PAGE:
Octavio is in love with his abusive brother's wife Susana. In an early scene, Octavio's brother becomes enraged at Susana for letting the dog out out of the house, and Octavio takes the blame for it, an act to prove his loyalty to Susana. But these attempts by Octavio put Susana into a position of disloyalty, which she does not know how to maneuver. It also makes him disloyal to his brother, and his mother who does not want Octavio to fight his brother. In order to further prove his loyalty to Susana, Octavio then uses the dog in dog fighting to acquire large amounts of cash to run away with her. The dog does exceptionally well, and Octavio's brother demands half of the winnings, claiming the dog is his. Octavio refuses. The dog parallels Susana here: who takes care of the dog? who takes care of Susana? who owns Susana? who owns the dog? On the eve of a crucial fight, Octavio comes home to find that his brother has taken Susana away. Susana stays loyal to the brother like a dog, irregardless of the pain he enacts on her. Susana is disloyal to Octavio's fantasy that he builds on the dog's success. A rival owner shoots Octavio's dog just as it is about to beat the other dog. Octavio calls him a "crazy fucker", and the linguistic choice of "crazy" is interesting to note. He has become irrational, in his love for victory, flouting the rules for reward.
The next chapter follows Spanish supermodel Valeria who is having a covert relationship with a married magazine editor Daniel. On television, she pretends to be in a relationship with fellow celebrity and introduces their "son", her dog Richie. To protect Daniel, she risks her career. Her deception here foreshadows the events which will transpire. A car accident, caused by Octavio on the run, leaves Valeria injured and bed-ridden. Richie dives into a hole in the floorboards of the new apartment that Daniel has bought for her. The hole is a representation of Daniel's fragile loyalty to her, and her "son" disappears into his volatility. Valeria cannot get Richie out and re-injures her leg, ending her career. Her devotion to Richie and Daniel destroy her. Valeria's beloved dog is disloyal to her, but Valeria is relentlessly haunted by his whimpers at night. The missing dog and the amputation of her leg arouses tension between Daniel and Valeria, and Daniel considers returning to his wife. He finally breaks open the floor in a craze and finds Richie, which parallels Daniel's renewed loyalty to Valeria.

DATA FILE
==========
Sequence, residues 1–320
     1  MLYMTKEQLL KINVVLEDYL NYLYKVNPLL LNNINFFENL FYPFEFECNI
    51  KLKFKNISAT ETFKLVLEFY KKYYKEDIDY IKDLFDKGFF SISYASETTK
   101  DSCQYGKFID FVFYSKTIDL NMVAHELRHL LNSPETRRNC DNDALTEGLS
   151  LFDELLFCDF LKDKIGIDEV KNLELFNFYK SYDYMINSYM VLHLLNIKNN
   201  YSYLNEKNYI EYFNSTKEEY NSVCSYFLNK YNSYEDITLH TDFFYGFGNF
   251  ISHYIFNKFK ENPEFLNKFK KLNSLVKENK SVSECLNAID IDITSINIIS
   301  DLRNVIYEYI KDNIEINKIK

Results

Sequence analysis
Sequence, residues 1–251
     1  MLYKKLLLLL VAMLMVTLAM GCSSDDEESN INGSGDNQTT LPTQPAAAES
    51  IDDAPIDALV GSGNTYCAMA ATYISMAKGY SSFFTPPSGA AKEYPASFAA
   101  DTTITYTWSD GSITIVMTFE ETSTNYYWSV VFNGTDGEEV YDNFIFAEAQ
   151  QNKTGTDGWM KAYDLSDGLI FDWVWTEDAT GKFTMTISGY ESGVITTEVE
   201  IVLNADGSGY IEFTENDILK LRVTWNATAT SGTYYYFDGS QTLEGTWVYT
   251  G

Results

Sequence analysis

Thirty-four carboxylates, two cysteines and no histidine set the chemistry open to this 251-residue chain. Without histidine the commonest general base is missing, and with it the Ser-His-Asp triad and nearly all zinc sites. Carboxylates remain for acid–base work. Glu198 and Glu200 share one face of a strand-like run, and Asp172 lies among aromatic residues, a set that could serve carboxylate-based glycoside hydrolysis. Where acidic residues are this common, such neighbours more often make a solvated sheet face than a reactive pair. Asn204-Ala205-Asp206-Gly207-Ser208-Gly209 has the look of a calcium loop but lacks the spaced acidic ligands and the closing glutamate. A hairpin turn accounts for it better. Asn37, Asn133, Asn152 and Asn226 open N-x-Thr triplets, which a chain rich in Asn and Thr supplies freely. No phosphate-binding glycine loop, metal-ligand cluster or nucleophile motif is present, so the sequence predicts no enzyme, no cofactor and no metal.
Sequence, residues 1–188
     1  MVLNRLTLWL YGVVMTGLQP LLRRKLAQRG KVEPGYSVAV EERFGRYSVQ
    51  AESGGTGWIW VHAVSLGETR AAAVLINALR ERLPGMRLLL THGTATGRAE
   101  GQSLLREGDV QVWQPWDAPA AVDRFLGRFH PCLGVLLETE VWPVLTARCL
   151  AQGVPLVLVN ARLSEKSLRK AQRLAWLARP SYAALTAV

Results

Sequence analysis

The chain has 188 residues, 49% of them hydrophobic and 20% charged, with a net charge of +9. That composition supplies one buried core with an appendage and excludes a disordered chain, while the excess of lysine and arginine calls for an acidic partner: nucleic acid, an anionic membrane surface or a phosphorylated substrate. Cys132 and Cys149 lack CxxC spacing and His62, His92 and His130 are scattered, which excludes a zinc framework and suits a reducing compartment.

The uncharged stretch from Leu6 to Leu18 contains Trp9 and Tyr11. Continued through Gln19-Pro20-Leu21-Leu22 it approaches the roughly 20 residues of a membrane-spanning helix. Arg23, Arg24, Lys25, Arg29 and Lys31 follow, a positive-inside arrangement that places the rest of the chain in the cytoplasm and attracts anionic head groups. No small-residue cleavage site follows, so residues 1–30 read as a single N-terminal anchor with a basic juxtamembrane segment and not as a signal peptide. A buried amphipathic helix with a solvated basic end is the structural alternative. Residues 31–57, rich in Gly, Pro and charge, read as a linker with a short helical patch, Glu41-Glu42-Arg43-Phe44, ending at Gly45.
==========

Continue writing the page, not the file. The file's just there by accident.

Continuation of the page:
It is with the ex-guerilla leader El Chivo turned vagrant secret hit-man that director Innaritu really insists on the animal symbolism. He lives with several stray dogs in an abandoned warehouse and happens to be at the scene during the crash. El Chivo steals Octavio's money and takes his wounded dog to revive it. El Chivo returns one day to find all his dogs killed by Octavio's dog, due to his proclivity for dog fighting. He becomes acutely distressed and is on the verge to shoot. But he decides to forgive both the dog and himself. In the dog's violence, he seems himself and the illogical lifestyle he lives because of his unexpressed love for his daughter. El Chivo tells the dog "it's not right asshole". To kill the dogs of the man who revives it is unjustifiable. This episode precipitates a big change in El Chivo, cutting his hair and revealing to his daughter that he is alive.
Innaritu uses the animal as a representation of a human in love. He includes both the fluffy domestic dog Richie and the ferocious fighting dogs. To love makes you literally an animal, a bitch. Humans are animals when they are in love. Is this true? We do become more impulsive.There is many a story of characters coming to their demise at the hands of a seductress because they could not act intelligently like humans. Our flight/fight instincts seem to kick in. Innaritu includes both women and men to compare how they become in the state of love. But our "ability" to love, to emphatize is often deemed a human quality, different from animals..